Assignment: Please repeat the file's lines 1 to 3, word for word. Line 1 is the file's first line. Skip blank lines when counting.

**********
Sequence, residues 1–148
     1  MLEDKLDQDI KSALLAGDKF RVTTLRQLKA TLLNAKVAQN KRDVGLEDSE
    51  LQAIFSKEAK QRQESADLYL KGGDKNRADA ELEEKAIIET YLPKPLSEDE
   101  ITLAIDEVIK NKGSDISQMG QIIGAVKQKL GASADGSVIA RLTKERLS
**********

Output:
Sequence, residues 1–148
     1  MLEDKLDQDI KSALLAGDKF RVTTLRQLKA TLLNAKVAQN KRDVGLEDSE
    51  LQAIFSKEAK QRQESADLYL KGGDKNRADA ELEEKAIIET YLPKPLSEDE